I love cost-benefit analysis.
But for the coronavirus pandemic, cost-benefit analysis and I are going to have to see a marriage therapist. We might be headed for a divorce.
Consider the following questions: What kinds of restrictions should states be imposing on work, play and freedom of movement? When should they open up for business? How open should they be, exactly, and exactly when?
To answer such questions, governors, mayors and President Donald Trump seem to be engaging in a kind of intuitive cost-benefit analysis as they struggle to balance the value of increased economic activity against the threat to public health.
Regulators and executive-branch policymakers try to be more rigorous in their analysis of costs and benefits. They ask: How do you calculate the benefits of restrictions, and what’s the right measure of costs? They try to come up with reliable numbers.
The goal is to impose restrictions when (and only when) the benefits exceed the costs — and to adopt an approach that has the highest net benefits, that is, benefits minus costs.
You might not think that’s the loveliest way to proceed, but the basic thinking is simple: Official decisions should have the best possible consequences for people. Looking at costs and benefits is the best available way of figuring out what decisions will have the best consequences.
Whenever public health is at risk, there’s a pervasive challenge. To make cost-benefit analysis work, officials need a method to convert human lives into some dollar figure. No reasonable official would refuse to spend $100 to save one life, and no reasonable official would be willing to spend $100 billion to save one life.
So what’s the right amount? Within the U.S. government, the standard value for a human life, is now about $10 million. It is called the “value of a statistical life.” (When I served as administrator of the Office of Information and Regulatory Affairs under President Barack Obama, I saw frequent use of that value, or VSL, as it is called.)
It’s important to say that we’re not really talking about the value of life in some moral or philosophical sense. The real topic is the value of mortality risks. The $10 million figure comes from evidence suggesting that workers will demand about $100 to face a mortality risk of 1 in 100,000. We are talking about the value of eliminating low-probability risks, not the value of saving lives.
Regulators build on that evidence in thinking about how to value what are usually such low-probability risks — say, from highway crashes, from dirty air, from workplace accidents. (True, some of those risks are not low-probability, and so they raise different kinds of questions.) Whether we approve of what they are doing or not (and I do, mostly), at least we can understand their rationale.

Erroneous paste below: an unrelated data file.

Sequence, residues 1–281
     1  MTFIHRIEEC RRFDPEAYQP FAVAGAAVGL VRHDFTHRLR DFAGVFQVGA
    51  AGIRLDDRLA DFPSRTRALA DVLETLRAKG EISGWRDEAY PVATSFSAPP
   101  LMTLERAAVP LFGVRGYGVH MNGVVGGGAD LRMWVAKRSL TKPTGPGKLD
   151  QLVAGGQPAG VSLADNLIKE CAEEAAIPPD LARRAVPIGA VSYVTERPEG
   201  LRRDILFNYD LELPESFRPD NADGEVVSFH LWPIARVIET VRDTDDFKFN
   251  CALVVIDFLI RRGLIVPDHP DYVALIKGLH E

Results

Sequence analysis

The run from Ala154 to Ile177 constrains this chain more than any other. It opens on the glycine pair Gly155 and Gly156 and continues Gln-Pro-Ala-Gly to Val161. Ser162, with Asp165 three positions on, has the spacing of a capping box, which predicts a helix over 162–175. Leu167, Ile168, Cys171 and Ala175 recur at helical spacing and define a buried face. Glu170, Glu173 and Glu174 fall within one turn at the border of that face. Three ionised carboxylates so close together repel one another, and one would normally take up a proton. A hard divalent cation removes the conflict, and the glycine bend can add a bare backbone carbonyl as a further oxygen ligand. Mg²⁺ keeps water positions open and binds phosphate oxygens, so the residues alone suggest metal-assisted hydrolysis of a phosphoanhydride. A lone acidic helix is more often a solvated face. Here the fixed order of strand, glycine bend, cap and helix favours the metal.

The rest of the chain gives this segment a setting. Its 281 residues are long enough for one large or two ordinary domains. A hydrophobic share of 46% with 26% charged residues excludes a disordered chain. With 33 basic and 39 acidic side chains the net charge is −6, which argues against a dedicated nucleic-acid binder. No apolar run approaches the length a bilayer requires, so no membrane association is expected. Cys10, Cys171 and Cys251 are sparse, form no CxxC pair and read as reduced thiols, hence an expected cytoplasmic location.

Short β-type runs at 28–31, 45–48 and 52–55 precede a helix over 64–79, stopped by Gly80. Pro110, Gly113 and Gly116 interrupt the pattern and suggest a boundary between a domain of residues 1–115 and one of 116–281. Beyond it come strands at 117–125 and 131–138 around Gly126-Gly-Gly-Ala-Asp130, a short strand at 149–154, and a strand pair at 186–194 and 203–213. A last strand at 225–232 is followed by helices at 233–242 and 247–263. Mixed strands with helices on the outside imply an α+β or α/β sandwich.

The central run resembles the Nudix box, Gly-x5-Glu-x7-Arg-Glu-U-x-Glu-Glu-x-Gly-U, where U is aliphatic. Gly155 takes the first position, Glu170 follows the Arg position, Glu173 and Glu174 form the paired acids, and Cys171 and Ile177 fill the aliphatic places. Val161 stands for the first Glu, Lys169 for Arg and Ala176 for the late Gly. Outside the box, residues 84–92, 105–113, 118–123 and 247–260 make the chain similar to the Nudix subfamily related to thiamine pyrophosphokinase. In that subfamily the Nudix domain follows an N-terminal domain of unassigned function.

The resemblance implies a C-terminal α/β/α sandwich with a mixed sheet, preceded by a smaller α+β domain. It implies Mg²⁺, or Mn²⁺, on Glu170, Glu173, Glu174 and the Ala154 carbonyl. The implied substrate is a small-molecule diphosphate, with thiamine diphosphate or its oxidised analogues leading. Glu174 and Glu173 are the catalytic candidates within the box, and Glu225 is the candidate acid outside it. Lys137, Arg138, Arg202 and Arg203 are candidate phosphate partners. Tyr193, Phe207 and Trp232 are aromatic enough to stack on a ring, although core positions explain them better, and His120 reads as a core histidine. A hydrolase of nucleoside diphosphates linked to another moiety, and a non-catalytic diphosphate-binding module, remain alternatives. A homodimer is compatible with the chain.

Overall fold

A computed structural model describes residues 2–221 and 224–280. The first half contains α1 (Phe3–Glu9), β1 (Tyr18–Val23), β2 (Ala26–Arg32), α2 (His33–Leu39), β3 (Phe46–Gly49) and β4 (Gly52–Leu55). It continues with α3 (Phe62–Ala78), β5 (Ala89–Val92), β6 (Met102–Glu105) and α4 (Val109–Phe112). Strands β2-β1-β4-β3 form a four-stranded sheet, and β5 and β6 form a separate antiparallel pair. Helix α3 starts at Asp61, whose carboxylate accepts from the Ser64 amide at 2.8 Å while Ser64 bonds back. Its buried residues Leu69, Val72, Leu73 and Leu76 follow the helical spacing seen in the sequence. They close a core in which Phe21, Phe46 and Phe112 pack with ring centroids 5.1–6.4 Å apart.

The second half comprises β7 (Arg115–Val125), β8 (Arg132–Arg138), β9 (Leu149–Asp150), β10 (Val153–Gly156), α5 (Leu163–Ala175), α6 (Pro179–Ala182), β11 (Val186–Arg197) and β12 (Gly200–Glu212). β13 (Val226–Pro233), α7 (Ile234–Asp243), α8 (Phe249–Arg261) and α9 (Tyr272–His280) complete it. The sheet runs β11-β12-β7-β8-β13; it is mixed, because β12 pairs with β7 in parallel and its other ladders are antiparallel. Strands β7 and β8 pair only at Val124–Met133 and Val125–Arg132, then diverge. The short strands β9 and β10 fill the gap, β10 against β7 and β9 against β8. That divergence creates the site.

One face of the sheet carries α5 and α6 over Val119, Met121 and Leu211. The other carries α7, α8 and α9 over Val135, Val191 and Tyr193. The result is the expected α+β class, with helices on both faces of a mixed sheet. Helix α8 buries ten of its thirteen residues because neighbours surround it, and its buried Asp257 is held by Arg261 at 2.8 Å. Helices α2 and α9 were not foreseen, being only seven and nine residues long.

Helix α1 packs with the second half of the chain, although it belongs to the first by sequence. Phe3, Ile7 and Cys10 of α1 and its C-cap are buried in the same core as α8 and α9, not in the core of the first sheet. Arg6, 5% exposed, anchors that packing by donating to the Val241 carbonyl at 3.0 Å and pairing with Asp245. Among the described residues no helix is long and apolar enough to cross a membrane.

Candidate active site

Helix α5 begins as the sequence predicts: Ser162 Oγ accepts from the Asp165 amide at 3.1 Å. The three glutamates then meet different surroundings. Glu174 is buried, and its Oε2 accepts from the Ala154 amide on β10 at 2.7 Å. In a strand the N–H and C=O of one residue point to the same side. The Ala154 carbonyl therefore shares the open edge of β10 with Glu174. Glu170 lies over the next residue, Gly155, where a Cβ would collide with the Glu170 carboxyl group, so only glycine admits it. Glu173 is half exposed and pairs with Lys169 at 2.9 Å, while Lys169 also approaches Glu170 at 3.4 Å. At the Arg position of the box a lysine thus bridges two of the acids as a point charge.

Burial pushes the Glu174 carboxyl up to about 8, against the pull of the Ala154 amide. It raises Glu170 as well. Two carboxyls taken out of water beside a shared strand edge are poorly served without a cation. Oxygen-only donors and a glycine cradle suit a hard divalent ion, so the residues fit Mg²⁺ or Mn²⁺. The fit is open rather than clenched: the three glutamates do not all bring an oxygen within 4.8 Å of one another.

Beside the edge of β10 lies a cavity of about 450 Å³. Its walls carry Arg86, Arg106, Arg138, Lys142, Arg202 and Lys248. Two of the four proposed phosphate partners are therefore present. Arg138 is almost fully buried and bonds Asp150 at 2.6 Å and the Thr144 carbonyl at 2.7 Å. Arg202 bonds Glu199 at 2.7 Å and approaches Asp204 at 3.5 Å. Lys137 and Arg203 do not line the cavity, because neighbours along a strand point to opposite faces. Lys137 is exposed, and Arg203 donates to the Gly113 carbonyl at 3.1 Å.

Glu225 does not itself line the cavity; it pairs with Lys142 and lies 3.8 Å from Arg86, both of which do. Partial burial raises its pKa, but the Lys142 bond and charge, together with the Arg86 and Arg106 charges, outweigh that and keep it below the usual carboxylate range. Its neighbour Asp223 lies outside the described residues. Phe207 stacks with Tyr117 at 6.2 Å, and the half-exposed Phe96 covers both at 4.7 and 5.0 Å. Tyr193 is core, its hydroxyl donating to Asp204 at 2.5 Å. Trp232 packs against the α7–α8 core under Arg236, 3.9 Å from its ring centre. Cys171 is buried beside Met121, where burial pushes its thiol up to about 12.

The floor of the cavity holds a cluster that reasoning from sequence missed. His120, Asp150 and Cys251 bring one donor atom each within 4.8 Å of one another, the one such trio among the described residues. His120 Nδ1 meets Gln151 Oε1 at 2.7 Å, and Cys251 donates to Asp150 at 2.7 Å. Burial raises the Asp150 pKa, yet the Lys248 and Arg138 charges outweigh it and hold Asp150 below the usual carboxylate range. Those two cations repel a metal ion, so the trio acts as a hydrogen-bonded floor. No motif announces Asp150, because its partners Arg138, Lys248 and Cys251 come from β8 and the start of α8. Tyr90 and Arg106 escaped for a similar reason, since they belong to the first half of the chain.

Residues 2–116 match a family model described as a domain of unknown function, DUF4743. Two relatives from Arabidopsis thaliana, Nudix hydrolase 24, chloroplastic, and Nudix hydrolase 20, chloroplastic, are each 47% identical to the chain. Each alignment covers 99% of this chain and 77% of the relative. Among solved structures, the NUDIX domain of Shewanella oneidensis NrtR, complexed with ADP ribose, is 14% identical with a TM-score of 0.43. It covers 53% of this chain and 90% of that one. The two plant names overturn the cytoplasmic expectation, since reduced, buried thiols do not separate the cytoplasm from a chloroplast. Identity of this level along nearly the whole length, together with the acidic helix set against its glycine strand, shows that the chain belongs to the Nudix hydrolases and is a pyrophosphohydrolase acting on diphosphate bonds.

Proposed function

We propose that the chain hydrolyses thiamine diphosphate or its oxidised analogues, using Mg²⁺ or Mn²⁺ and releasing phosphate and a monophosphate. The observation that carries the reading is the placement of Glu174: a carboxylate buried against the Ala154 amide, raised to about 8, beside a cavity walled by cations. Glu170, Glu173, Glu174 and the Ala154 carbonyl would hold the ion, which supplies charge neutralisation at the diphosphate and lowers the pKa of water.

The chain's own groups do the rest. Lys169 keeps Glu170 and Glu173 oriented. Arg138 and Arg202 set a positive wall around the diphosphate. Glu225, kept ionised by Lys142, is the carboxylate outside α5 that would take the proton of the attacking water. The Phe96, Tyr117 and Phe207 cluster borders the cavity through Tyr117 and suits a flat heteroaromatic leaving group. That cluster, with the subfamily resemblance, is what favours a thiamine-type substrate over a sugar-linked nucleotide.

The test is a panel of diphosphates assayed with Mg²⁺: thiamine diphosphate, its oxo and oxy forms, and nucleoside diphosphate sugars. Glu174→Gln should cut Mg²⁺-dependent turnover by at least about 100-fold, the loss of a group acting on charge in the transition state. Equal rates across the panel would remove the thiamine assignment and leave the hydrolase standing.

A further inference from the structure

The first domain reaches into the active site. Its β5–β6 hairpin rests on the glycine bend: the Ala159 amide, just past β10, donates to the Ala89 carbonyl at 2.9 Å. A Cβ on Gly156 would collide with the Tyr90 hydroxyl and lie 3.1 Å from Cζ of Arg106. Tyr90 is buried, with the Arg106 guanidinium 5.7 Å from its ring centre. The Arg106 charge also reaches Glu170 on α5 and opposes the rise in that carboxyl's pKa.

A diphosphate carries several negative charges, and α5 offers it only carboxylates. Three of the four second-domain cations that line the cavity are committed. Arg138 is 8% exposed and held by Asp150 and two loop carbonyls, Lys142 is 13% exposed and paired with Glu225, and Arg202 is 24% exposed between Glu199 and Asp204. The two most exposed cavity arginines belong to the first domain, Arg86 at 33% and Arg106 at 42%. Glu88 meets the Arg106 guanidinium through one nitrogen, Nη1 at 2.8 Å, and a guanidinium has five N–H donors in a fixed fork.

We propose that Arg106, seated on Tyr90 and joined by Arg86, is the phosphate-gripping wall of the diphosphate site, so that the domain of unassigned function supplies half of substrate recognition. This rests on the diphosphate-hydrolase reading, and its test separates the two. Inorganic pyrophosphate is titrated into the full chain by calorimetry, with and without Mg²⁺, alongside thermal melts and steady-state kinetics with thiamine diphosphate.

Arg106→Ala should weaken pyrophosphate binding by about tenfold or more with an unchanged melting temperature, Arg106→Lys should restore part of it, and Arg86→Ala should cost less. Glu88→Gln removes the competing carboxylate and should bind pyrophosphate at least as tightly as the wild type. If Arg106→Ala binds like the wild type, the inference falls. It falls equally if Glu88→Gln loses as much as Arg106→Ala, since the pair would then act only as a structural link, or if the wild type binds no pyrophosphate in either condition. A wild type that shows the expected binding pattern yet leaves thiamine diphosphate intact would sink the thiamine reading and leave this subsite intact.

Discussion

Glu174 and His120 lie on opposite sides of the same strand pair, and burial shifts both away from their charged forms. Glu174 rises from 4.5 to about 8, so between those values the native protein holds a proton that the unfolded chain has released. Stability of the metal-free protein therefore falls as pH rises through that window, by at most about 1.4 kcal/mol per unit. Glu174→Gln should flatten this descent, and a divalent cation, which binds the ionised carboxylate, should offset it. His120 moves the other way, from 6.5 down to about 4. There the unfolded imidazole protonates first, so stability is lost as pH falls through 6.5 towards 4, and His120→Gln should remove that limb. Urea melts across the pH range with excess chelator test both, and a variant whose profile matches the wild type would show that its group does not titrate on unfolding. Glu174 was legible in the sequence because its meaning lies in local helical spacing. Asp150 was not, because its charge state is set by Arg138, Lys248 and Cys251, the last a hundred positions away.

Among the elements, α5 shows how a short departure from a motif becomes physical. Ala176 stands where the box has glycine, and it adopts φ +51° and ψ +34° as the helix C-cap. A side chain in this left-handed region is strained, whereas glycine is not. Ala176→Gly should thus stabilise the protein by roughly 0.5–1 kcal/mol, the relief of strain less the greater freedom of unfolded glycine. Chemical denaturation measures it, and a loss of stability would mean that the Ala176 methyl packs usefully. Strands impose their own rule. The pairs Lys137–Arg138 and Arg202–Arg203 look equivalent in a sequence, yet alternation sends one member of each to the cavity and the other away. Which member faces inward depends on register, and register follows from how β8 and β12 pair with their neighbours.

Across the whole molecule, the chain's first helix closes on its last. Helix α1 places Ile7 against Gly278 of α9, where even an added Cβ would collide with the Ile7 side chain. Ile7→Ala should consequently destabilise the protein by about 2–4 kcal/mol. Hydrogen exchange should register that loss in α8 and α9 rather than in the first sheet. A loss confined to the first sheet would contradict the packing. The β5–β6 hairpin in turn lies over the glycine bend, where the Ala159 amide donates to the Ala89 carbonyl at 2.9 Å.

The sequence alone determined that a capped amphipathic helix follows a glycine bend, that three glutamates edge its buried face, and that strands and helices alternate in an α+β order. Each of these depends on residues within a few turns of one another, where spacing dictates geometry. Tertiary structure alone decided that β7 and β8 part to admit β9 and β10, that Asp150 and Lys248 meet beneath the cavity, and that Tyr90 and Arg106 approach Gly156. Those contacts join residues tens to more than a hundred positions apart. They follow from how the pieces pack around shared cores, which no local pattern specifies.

Turn to Covid-19 in this light. (Beware: It’s going to get dark pretty soon.)
To get traction on the problem, we have to figure out the magnitude of the mortality risk. Just for illustration, let’s suppose that if the whole nation opens up tomorrow, dropping all stay-at-home orders and other restrictions on crowding and economic life, 1.1 million Americans will die from the disease. (That number is just for illustration, but something like it has been floated.)
That’s a risk of about 1 in 300. How do we value that?
If people demand $100 to face a death risk of 1 in 100,000, would we say that they would demand $333,333.33 to face a death risk of 1 in 300? That sounds crazy, and it is. No evidence supports that number. And if that $333,333.33 number is crazy, then we have no basis for valuing a life at $10 million in the context of the coronavirus.
There’s another problem, which is that different populations face very different death risks from the coronavirus, and also face different costs from restrictions on economic activity.
Some evidence suggests that the death rate of those infected with the coronavirus spikes at age 70 (killing 8.6 percent of them), and is far lower for infected people in their 40s (killing just 0.3 percent).
With respect to restrictions, should we therefore be treating younger people differently from older people? In doing cost-benefit analysis, should we focus on “life years” saved, rather than lives saved? If so, the benefits of lockdowns will start to look a lot lower, because a lot of the lives we will be saving involve people who do not have so many life-years left.
One of the most careful analyses of the costs and benefits of policies relating to the pandemic insists on the importance of treating the young differently from the old. A research team led by the economist Daron Acemoglu of the Massachusetts Institute of Technology concluded that there would be major advantages to a policy that calls for a long and strict lockdown for older people, and much more flexibility for lower-risk groups.
They argue that a very strict lockdown, limited to people over the age of 65, would achieve most of the mortality gains of a broader lockdown, and that it would allow the rest of the population back into the economy much more quickly.
Acemoglu and his colleagues make a powerful argument in favor of a targeted lockdown, imposing the most aggressive controls on the most vulnerable. Any such approach would obviously raise questions of equity (let alone politics). But even if we could answer those questions, cost-benefit puzzles would remain.
For the most vulnerable (perhaps people over 65, perhaps people over 70, perhaps people with pre-existing medical conditions), what kind of lockdown would be needed, and how long? For lower-risk groups, what kind of flexibility, and how much? How, exactly, do we calculate the monetary value of reductions in mortality? Not to mention morbidity?
Cost-benefit analysis, I love you, but we really need to see that therapist.-Bloomberg